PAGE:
CHINA REPRESENTATIVE OFFICE

Introduction

Setting up a representative office is the most inexpensive entry form for foreign enterprises to enter the Chinese market. The role of a representative office basically is to serve as a liaison office between a foreign company and its business partners in China, and to coordinate the parent enterprise activities in China (travel arrangements, promotion etc.). Representative offices are applicable for many industries: trading, shipping, consulting, etc.

Pros & Cons

Using a representative office as China entry form has the following advantages:

  • Affordable: no paid capital required, government and service fees are usually lower than what is needed for WFOEs.
  • Quicker registration process (usually within two months or so)
  • Less paperwork required for application (compared to wholly foreign owned enterprises).

However, there is a certain number of disadvantages as well:

  • Does not qualify as a legal entity
  • The inability to sign contracts, issue invoices and generate revenues in China
  • Potentially higher tax weight (tax is collected on a monthly basis as a percentage of operating expenses)
  • Lower flexibility in terms of office selection (In Shanghai for instance, only A-grade building i.e. more expensive ones, are acceptable for use when registering a representative office)
  • To hire employees, representative offices needs to go through government-designated agencies (such as FESCO in Shanghai)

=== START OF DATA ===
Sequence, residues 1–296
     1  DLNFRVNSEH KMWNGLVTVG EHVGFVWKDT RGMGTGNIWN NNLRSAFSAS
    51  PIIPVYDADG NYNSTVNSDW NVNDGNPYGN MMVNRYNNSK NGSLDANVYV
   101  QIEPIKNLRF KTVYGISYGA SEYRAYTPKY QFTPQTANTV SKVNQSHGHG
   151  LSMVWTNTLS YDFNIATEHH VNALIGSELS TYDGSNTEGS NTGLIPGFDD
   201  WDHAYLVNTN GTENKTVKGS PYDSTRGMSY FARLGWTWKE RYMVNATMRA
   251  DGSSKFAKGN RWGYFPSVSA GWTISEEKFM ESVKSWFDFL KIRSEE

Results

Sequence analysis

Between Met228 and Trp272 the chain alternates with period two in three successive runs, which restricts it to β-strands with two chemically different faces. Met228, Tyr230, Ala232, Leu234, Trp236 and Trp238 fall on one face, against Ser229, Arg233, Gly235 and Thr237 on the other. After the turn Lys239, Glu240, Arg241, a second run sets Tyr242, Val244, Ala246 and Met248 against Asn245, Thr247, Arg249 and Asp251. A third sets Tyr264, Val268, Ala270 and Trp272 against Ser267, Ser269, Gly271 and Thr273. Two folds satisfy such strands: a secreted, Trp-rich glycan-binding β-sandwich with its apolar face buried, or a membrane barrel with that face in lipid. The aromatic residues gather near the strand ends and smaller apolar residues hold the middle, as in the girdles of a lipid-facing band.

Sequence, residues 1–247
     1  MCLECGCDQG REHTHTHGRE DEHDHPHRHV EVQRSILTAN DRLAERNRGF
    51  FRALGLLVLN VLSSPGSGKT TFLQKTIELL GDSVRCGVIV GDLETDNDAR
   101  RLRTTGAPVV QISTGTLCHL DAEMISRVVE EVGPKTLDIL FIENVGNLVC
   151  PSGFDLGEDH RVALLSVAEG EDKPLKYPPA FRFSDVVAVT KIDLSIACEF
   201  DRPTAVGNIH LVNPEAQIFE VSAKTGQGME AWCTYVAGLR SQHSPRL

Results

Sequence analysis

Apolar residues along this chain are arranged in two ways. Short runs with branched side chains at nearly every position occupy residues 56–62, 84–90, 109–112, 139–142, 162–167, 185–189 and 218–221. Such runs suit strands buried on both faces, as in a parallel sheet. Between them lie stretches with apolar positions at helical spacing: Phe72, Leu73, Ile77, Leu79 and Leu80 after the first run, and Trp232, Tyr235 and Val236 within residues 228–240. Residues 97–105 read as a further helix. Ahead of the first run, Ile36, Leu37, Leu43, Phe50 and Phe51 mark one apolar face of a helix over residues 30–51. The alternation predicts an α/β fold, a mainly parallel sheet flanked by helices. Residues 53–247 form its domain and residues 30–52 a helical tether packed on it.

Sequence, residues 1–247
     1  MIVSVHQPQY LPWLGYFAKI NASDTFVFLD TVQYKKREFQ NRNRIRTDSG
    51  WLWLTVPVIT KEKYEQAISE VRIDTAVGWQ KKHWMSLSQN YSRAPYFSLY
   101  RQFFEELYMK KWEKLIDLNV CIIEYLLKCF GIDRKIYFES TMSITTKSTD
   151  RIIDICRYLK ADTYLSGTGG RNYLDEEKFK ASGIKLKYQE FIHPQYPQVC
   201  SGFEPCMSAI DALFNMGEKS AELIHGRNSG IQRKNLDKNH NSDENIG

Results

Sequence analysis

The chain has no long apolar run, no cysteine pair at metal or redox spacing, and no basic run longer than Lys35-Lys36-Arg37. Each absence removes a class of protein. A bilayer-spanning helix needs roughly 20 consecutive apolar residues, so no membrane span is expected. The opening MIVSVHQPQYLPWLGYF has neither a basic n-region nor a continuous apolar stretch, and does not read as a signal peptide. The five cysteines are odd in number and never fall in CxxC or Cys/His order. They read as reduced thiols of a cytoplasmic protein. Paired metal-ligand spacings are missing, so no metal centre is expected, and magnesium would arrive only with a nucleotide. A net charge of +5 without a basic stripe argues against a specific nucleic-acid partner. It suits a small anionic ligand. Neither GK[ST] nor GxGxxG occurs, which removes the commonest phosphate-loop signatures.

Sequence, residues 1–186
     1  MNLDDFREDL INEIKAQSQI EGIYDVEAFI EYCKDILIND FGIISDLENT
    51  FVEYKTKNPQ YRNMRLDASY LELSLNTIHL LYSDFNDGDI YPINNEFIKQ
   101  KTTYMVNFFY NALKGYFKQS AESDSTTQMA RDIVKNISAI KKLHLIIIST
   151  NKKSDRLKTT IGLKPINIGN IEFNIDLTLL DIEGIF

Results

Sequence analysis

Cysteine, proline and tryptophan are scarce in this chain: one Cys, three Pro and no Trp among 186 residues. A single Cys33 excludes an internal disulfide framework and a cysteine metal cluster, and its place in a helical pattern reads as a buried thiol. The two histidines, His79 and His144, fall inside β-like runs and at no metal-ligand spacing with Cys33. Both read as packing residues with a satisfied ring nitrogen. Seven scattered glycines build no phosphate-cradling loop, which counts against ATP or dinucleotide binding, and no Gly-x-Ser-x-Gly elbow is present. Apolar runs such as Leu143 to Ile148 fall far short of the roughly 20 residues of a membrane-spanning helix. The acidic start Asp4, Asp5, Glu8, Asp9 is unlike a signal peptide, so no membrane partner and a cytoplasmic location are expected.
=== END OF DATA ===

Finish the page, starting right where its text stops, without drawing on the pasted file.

• Representative office licenses are valid for a limited time only (usually 1~3 Years) and need to be reapplied again upon expiration.

Documents Required

  • Copies of incorporation documents of parent company (business license, certificate of incorporation, business registration certificate and/or any applicable document)
  • Original bank reference letter attesting of the parent company’s good financial status
  • Minutes of the board of directors deciding of the establishment of a representative office in China and nominating the Chief Representative
  • Detailed summary of parent company business operations and corporate profile
  • Last annual report of parent company (to company registry and tax department)
  • Appointment letter of Chief Representative
  • Resume of Chief Representative (with work experience & relevant qualifications)
  • Photos (8) and copies of passport and current valid visa of Chief Representative
  • Contact number & address of Chief Representative
  • Originals (2)of lease agreement (minimum 12 months) and copy of title deed of rented office (should be at an approved location, such as grade A building for Shanghai representative offices)
  • Representative set up application letters (2)

Depending of the country of incorporation of the parent company, some documents (such as incorporation documents, bank reference letter, passport of Chief Representative) need to be certified/legalized for authenticity by the local Chinese embassy or consulate.

Registration Procedure

Sinovantage helps proceed clients representative office applications through the following steps:

  • Checking up the documents and preparing the legal forms
  • Applying and obtaining the registration certificate from the local Administration of Industry and Commerce.
  • Obtaining the representative office seal
  • Applying for the enterprise code license
  • Registering with the local bureau of statistics
  • Obtaining the bank account and foreign exchange certificates
  • Registering with the local tax bureau
  • Obtaining the health certificate for the Chief Representative
  • Obtaining the working permit for the Chief Representative
  • Obtaining the residence permit for the Chief Representative

Representative Office Registration Pricing

The service fee for incorporating a representative office in China varies depending of the city of registration. Please contact us today to receive a free quotation for setting up your representative office in China.